I am Linda and along with my husband Richard and our dog Muffin we enjoy our summers on the UK's canal system

Wednesday, 18 April 2018

Wooden Top Bridge Number 31 (Ashby Canal) – Tuesday 17th April

The fridge was beginning to look a bit empty and we could see that there is a Sainsburys in Hinkley which is just over ½ mile from the canal, however by the time we had found somewhere to moor it was just over 1 mile!!  We walked to the store – it wasn’t an onerous walk but we decided that, with the shopping, we would get a bus back.  We could see that there were two if not three buses going our way so we hailed the first one and got on.  I asked the Oriental driver if the bus went over the canal and he hadn’t foggiest what I was talking about!  In the end I just swiped my bus pass.  Richard’s bus pass has expired so he got on and asked “how much for the same journey?”  This threw the Oriental driver completely as he had no idea where I was going!  Eventually, after a lot of tapping on his ticket machine, he asked Richard for £1.60 who was horrified and couldn’t believe it was so expensive!  He has had a bus pass for 8 years now so hasn’t had to pay for bus fares – he reckons it should have been 1s 6d not £1.60!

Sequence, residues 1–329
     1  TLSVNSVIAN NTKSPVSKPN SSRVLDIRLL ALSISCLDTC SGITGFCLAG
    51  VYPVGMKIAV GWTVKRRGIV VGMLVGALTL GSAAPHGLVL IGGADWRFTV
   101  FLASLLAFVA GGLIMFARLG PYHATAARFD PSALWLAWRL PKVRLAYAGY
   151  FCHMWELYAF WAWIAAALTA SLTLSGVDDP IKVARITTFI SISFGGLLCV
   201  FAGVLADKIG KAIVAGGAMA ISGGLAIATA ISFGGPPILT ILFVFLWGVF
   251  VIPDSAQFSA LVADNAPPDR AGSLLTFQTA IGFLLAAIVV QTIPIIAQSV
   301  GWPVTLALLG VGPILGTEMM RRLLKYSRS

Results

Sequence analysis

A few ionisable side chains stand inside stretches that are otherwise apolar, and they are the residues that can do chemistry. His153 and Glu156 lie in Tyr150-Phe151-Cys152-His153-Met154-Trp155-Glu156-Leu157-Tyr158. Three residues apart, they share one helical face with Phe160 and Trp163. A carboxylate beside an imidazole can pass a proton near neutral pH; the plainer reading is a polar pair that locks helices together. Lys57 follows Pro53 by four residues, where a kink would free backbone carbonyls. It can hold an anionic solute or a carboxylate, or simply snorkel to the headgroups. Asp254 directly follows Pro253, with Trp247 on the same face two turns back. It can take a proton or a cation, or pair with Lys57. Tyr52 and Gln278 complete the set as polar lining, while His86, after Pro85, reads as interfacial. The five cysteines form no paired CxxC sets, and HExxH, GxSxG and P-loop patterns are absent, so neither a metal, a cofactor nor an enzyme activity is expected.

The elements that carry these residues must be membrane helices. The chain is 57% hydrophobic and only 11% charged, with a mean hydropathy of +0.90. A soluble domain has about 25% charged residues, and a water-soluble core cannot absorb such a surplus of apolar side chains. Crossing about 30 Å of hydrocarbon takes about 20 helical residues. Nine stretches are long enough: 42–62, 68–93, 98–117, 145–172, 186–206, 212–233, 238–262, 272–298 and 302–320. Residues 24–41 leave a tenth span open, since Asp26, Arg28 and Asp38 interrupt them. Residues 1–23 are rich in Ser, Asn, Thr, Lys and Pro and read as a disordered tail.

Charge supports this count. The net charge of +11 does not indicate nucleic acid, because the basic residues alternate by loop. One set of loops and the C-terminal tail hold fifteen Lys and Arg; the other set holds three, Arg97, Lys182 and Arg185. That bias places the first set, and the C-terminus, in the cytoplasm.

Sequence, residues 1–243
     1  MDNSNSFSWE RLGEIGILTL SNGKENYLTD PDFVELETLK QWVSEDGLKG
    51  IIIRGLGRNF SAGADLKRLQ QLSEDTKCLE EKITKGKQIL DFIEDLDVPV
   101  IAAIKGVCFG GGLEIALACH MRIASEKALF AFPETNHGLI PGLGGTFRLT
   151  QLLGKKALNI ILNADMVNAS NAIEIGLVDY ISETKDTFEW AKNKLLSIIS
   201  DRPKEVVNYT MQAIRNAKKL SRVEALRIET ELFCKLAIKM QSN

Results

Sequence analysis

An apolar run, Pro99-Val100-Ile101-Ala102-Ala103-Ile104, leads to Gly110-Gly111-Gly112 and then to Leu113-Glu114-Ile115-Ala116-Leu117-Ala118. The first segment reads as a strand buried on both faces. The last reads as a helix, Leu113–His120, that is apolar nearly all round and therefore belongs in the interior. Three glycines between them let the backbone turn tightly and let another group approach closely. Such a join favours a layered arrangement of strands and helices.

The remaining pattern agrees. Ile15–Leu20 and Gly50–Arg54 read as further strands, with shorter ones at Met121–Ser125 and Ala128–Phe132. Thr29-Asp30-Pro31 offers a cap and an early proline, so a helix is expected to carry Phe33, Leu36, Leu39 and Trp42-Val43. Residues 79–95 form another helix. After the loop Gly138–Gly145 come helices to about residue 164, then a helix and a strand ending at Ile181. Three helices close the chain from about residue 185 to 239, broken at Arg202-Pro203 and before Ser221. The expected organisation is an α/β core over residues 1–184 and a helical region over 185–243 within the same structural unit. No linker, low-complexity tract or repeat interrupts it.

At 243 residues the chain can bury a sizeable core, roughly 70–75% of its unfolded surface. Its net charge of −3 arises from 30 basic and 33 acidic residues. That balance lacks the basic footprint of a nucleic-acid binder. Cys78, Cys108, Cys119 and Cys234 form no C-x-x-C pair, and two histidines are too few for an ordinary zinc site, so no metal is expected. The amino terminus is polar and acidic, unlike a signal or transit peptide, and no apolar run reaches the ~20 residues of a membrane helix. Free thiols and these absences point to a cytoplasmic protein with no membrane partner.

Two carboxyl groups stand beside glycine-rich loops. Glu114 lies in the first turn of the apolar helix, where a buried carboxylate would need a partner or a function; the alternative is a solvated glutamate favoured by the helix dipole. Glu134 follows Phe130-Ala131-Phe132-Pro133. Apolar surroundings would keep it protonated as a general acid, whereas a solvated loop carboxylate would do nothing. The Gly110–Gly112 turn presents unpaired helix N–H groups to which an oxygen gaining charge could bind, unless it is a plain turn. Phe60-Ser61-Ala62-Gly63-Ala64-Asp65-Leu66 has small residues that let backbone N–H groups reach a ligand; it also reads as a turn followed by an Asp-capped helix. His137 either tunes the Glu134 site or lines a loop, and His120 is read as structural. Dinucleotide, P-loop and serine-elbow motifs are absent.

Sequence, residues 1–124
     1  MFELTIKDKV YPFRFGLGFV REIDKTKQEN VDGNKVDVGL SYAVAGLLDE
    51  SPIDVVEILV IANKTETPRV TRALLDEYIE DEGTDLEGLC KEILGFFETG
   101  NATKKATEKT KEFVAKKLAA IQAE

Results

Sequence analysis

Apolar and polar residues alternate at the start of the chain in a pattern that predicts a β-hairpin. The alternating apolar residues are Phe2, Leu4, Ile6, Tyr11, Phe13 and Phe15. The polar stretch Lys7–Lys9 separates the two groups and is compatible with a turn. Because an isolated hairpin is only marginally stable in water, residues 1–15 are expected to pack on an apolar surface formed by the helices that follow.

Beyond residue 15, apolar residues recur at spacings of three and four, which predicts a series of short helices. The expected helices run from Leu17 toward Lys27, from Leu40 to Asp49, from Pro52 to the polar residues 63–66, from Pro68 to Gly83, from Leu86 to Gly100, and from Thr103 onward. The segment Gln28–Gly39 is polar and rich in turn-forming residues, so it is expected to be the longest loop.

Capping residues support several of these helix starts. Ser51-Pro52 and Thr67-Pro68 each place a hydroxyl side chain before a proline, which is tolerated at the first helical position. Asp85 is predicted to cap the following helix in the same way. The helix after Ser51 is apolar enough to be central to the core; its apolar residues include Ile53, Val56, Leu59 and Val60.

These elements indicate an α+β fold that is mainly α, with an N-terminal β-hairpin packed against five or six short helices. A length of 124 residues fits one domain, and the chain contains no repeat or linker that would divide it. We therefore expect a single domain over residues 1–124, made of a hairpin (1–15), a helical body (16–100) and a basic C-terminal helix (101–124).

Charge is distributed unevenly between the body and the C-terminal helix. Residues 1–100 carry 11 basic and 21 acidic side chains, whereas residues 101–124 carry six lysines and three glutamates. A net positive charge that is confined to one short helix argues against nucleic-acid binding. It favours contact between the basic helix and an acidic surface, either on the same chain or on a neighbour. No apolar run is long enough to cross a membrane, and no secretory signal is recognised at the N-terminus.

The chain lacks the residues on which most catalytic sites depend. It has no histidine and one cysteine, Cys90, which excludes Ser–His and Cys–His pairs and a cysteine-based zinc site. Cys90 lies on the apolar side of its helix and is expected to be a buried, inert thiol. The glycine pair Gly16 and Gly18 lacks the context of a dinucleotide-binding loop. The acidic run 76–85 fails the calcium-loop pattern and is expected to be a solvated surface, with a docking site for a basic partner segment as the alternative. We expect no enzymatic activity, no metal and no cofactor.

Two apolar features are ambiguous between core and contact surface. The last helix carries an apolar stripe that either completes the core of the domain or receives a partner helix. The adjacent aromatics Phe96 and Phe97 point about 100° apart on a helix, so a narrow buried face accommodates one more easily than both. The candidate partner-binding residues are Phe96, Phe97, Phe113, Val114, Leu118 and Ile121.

We got moving after lunch and did another 4 miles before pulling over.  Richard said that most of the nice places were already taken but where we are is OK but it is still so windy.

I had bought a small piece of lamb for dinner however when I opened the vacuum pack it sprung up to be quite a large piece – enough for two meals!  When I picked it up in Sainsburys I thought to myself that it was a) small for a leg and b) expensive for the size but those thoughts didn’t get transferred to the part of my brain that says “hey something is wrong here”!  I find this happens quite a lot these days!  However it was a lovely piece of meat.

The Ashby-de-la-Zouch Canal is a 31 mile long canal which connected the mining district around Moira with the Coventry Canal. It was opened in 1804, and a number of tramways were constructed at its northern end, to service collieries. The canal was taken over by the Midland Railway in 1846, and remained profitable until the 1890s, after which it steadily declined. Around 9 miles passed through the Leicestershire coal field, and was heavily affected by subsidence, with the result that the section from Moira, southwards to Snarestone, was progressively closed in 1944, 1957 and 1966, leaving 22 miles of navigable canal. 

7.34 miles
0 locks

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